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More bikes take to the streets
Skyrocketing gas prices have resulted in a sudden glut of bicycle commuters on the road, reports the Christian Science Monitor, not just in metropolitan areas, but also in places like Louisville, Ky., and Charlotte, N.C.
The sudden surge of two-wheelers is also causing rising tensions among drivers who are unaccustomed to sharing their streets—and herding cyclists to traffic safety classes.
"I'm getting hammered by mayors asking, 'What are you doing about all these new bikers on the street and nobody knows the rules of the road?' " Robert Raburn, executive director of the East Bay Bicycle Coalition in Oakland, tells the newspaper.
The Christian Science Monitor did some number crunching to reveal the growing trend toward bike commuting this year:
• Bike count tallies showed an increase of 30 percent over last year on San Francisco's Market Street, 44 percent over 2006 levels at the intersection of Broad and Chestnut Streets in Philadelphia, and 378 percent from five years ago on Milwaukee Ave. in Chicago.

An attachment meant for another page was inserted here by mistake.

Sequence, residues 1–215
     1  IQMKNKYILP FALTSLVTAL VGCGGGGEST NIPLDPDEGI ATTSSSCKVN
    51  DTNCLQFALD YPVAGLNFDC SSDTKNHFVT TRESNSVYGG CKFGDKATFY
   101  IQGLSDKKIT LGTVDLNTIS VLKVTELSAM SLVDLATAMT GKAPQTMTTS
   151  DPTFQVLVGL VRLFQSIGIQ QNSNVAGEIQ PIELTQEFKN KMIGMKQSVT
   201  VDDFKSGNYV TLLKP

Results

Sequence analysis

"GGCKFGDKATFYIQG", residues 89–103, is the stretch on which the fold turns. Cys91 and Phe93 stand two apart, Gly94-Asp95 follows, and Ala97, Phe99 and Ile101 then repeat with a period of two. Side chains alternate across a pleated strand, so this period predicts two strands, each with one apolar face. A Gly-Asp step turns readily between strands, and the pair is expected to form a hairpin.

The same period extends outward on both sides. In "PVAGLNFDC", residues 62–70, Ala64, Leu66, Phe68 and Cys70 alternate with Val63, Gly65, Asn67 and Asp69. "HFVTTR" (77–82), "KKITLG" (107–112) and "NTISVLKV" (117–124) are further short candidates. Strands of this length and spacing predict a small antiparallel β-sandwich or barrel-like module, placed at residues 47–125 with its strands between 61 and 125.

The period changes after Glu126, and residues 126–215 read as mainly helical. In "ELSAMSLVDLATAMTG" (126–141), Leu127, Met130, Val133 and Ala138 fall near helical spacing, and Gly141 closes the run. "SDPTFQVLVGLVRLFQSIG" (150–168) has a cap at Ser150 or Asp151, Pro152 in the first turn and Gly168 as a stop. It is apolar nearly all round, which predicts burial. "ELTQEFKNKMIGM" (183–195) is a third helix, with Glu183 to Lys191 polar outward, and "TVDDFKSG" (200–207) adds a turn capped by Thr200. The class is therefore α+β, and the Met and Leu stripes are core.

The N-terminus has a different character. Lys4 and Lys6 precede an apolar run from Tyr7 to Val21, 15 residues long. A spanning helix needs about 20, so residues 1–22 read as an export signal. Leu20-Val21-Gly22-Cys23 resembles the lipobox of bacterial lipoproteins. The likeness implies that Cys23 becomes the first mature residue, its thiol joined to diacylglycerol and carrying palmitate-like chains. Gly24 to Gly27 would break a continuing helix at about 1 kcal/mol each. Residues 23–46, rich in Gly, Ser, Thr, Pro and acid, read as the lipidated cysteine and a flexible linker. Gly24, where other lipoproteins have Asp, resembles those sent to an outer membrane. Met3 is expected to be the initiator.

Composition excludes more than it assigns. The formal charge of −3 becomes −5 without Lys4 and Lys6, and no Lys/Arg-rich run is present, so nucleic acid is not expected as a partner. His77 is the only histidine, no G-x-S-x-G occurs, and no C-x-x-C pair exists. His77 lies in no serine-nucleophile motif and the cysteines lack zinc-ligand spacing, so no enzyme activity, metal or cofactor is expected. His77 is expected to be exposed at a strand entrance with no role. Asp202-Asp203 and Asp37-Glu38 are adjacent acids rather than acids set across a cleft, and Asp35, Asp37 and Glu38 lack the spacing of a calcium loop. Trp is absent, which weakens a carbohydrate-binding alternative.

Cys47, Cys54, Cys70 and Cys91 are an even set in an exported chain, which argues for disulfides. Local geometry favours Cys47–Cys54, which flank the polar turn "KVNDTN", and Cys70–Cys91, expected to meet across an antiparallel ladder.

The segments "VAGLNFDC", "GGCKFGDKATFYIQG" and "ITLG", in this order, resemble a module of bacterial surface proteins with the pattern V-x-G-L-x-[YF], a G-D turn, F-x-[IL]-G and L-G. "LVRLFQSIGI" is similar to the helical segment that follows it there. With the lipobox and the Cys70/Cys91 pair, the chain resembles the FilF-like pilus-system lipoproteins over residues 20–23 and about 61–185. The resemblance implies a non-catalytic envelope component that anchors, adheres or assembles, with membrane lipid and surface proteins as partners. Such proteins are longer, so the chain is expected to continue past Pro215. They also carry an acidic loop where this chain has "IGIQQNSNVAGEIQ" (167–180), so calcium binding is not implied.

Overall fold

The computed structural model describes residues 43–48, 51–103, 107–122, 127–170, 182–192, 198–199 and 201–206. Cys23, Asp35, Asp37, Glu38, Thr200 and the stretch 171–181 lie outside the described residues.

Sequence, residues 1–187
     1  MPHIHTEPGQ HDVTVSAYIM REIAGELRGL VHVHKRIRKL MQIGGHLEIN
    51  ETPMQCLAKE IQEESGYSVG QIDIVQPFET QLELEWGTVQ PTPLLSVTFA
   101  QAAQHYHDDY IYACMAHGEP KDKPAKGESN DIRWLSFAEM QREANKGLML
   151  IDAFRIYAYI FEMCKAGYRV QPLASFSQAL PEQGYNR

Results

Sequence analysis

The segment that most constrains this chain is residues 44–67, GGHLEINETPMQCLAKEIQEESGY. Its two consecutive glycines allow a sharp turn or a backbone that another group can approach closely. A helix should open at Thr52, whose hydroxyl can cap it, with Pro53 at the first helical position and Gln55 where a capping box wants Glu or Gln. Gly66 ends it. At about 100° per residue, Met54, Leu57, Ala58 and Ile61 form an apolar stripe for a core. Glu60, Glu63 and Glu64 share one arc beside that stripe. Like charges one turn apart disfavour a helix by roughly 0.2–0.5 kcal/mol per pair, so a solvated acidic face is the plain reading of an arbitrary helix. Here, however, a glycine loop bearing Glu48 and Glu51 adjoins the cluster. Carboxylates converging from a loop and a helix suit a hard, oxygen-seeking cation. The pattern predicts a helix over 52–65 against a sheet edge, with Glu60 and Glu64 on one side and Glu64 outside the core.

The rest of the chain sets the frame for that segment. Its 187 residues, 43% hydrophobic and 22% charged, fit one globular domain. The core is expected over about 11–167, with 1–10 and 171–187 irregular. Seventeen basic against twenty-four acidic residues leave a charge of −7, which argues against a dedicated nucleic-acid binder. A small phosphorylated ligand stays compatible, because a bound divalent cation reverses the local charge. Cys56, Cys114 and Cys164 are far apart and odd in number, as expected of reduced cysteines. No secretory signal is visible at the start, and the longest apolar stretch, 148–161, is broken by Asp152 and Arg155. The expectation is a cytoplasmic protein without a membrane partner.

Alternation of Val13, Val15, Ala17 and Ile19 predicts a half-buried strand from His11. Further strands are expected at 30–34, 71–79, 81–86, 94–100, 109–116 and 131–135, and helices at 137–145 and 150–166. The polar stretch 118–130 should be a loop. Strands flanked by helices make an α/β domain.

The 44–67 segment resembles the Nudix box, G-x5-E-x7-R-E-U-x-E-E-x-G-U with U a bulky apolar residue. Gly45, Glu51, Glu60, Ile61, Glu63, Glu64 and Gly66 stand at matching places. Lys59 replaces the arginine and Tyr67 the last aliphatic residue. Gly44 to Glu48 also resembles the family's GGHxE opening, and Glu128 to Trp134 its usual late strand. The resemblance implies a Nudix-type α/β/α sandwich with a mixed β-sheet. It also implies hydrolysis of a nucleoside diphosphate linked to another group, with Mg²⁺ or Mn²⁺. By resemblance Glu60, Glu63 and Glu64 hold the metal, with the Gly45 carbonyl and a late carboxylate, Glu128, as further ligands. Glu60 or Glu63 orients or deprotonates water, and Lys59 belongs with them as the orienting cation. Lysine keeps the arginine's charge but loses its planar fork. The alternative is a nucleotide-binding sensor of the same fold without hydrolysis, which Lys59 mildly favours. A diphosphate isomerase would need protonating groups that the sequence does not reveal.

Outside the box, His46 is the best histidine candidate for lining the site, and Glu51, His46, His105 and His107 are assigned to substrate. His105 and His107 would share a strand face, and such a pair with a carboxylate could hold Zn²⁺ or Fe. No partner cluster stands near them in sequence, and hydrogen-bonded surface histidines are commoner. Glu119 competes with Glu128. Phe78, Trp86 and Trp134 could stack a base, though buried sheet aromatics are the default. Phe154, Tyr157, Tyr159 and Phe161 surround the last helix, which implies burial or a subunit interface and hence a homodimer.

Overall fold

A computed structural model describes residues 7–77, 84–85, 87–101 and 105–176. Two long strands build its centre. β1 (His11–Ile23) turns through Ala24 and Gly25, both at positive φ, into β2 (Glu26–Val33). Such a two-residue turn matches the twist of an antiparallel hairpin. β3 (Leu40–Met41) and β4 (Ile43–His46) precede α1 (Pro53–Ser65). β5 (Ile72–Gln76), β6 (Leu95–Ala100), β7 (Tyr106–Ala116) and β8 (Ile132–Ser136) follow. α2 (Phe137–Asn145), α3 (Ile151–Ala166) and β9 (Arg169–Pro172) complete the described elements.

• New bikers are maxing out the capacity of transit systems across the country. Bikers boarding buses in Houston rose from 1,510 in April to 3,624 in June, according to the League of American Bicyclists, which also reports that Charlotte's bike-on-bus boardings have reached an all-time record, surging 30 percent this June from a year ago. On San Francisco's regional CalTrain, a quarter of rush hour trains surveyed in September "bumped" bikers because onboard racks had reached capacity.
• In Denver, this year's 'Bike to Work Day' drew 35,000 bikers, up 43 percent over last year.
More bikes = improved bike infrastructure
With the rise of bike commuters, some cities are making significant investments in bike infrastructure. The Bay Area's Metropolitan Transportation Commission (MTC), for instance, recently approved $1 billion in funding for a regional bike network.
Meanwhile, Louisville is constructing a 100-mile hiking and biking trail it's calling the Louisville Loop. Congress is also considering a bike commuter act that would allow tax deductions like those for people who take mass transit.
Another scheme some cities are adopting: The painting of "sharrows," a symbol on road surfaces meant to remind drivers that cyclists share the roads, too. More controversial, however, is the "Idaho stop" rule—which allows cyclists to treat red lights like stop signs—that the MTC is thinking of implementing. ::Christian Science Monitor
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